I want to state here that I have and do endorse Roger MacBride's campaign, and that I expect Roger to do everything he can toward the elimination of laws which directly discriminate against homosexuals. On my part, I will do everything in my power to gain a proper respect and tolerance for homosexuals.
John R. Vernon
Oklahoma City, OK
Tibor Machan: Hooray for you, sir! I'm sure that in the years ahead I'll have many opportunities to say, "…or to paraphrase the libertarian philosopher, Tibor Machan, 'If you choose to differ from others, or happen to be different from most, and still demand total acceptance by those you're different from, you just don't have the backbone to live with your choice or identity.'" Thanks.
Guy W. Riggs
It certainly is reassuring to know that although Tibor Machan did not attend the Libertarian National Convention, and, in fact, is not even a member of the Libertarian Party, he nonetheless is sufficiently interested in our doings to devote one in his series of lecture-sermons on morality ["Viewpoint," December] to our problem last August regarding the selection of a vice presidential nominee. I find Tibor's treatment of the problem confused, however, and on one absolutely crucial point, terribly misleading, so that I would like to offer some comments.
Those of us who were disappointed and angered at Roger MacBride's initial decision to veto, if necessary, the nomination of a gay man as vice president could find no supporters of that decision who were able to show why the obvious analogy—vetoing a Jew or a black because of widespread anti-Semitism or anti-Negro feeling in the electorate—did not hold. But if it did hold, then a party which permitted itself to act as the transmitter and enforcer of social bigotry in this way was surely, we felt, violating the spirit of libertarianism. (Imagine a German Libertarian Party in, say, 1930, refusing to endorse an otherwise qualified Jew for office because this would alienate anti-Semitic voters, and the campaign would then focus on a "single issue"!) Since we believed that the official social attitude towards homosexuality is irrational and oppressive—and there was no one at the convention who was prepared to argue otherwise, least of all Roger himself—we considered it demeaning to ourselves and unjust to gay people to act as accessories in the implementation of that attitude.
Putting it in other terms: to have placed a somewhat increased chance of electoral success above doing the right thing did not strike us as the action of a group of intelligent "realists," but of an association of…Peter Keatings.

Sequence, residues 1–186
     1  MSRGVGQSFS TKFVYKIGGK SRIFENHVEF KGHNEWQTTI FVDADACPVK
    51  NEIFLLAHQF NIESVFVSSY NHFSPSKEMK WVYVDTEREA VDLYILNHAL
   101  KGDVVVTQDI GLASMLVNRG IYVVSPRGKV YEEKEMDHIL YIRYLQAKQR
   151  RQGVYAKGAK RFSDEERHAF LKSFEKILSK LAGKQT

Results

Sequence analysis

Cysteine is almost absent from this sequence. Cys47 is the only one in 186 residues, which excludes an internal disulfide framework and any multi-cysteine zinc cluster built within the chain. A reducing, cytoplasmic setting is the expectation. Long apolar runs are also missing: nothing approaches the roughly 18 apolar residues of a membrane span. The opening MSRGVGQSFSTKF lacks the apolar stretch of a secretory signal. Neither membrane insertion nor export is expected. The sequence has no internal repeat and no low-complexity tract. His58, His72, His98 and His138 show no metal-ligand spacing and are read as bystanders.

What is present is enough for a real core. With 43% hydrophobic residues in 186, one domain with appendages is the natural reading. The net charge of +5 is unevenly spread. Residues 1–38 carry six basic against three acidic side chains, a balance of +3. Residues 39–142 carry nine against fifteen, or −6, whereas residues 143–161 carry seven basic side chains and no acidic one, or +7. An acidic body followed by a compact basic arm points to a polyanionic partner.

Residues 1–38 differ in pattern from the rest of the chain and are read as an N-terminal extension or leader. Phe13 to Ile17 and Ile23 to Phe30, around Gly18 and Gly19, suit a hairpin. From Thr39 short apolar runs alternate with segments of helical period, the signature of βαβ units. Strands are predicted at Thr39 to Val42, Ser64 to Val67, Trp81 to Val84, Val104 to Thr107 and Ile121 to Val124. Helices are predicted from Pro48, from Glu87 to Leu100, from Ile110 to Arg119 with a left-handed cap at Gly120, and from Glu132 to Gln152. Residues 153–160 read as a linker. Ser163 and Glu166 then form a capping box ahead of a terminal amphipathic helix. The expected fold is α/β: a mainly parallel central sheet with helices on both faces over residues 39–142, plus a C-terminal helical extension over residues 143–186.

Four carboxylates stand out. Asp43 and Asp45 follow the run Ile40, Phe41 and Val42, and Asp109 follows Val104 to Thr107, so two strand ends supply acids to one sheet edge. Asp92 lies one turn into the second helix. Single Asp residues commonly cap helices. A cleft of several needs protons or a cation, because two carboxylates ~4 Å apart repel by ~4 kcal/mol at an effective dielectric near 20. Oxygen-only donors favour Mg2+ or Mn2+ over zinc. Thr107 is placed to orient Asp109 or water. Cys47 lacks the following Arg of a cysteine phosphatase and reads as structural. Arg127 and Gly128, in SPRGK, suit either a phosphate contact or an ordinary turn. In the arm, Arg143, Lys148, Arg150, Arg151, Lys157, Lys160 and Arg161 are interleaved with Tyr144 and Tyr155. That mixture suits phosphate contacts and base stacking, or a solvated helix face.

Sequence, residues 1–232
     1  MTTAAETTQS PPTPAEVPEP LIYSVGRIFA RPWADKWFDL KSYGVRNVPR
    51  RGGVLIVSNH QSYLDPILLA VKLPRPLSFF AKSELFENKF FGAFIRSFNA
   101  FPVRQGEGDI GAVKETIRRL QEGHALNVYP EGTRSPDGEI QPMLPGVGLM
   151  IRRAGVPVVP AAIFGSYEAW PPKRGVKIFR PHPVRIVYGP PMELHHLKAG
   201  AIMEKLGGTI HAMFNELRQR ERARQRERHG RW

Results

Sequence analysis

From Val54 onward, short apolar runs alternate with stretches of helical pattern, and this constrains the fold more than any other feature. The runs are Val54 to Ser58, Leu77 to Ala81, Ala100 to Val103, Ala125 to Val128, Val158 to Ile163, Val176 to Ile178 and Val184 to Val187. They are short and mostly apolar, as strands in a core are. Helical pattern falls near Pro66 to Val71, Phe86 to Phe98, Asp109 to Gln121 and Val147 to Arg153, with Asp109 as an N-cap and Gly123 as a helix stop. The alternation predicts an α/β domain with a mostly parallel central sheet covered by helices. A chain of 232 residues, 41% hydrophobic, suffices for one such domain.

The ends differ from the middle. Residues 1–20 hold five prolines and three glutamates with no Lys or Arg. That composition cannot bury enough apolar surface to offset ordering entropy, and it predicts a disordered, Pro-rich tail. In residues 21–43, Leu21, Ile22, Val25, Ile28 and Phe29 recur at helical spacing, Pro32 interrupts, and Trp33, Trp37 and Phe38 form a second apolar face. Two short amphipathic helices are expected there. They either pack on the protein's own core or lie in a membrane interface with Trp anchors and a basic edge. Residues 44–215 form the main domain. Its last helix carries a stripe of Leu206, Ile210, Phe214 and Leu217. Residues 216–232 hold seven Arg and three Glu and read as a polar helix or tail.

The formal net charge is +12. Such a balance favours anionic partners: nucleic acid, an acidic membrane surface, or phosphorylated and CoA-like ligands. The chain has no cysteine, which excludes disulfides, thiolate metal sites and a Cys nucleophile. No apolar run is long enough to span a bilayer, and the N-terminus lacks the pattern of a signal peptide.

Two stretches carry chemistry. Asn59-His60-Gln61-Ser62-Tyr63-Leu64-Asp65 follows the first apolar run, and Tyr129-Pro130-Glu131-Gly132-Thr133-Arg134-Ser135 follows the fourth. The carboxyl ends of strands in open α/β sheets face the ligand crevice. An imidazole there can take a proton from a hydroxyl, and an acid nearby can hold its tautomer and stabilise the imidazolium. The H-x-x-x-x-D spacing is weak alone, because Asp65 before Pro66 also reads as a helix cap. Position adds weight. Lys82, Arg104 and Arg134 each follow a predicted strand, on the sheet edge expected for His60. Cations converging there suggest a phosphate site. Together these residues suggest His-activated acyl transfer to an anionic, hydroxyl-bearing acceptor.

Furthermore, Tibor happens to omit from his article a rather important point: namely, that after discussions with the opponents of his original position, Roger changed his mind on the question, and, in an act that must have very few precedents in the record of political conventions, came before the delegates to announce that he would accept as vice presidential nominee anyone they selected! (Tibor should have saved his congratulations for Roger until he'd heard the end of the story.) To my mind, this was the peak experience of the whole Convention, and it confirmed the wisdom of having selected Roger MacBride to represent the libertarian idea in the coming year.
Finally, Tibor states: "If people who choose to differ from others, or who happen to be different from most, still demand total acceptance by those they are different from, they haven't the backbone to live with their choice or identity. Individualists indeed!" Now, just how is this supposed to follow logically? How does it contradict individualism if gay people and those friendly to their cause refuse to have anything to do with a party which makes homosexuality a disqualifying criterion for a candidate? And how does it contradict individualism if one says: if you personally continue to share a mistaken and injurious view of gay love, then my respect for you will suffer accordingly, and there are certain relationships of friendly association that I will refuse to enter into with you? Reason, indeed!
Machan replies: The single point to be made about Prof. Raico's irrelevant and snide first paragraph is that if he took his remarks seriously, he would have to abandon his field of history—or did he attend the Constitutional Convention personally, perhaps even as a delegate? Since when does one need direct experience of something to make a valid comment? As to membership, that is my private affair—I doubt Professor Raico wants me to discuss in public his private life.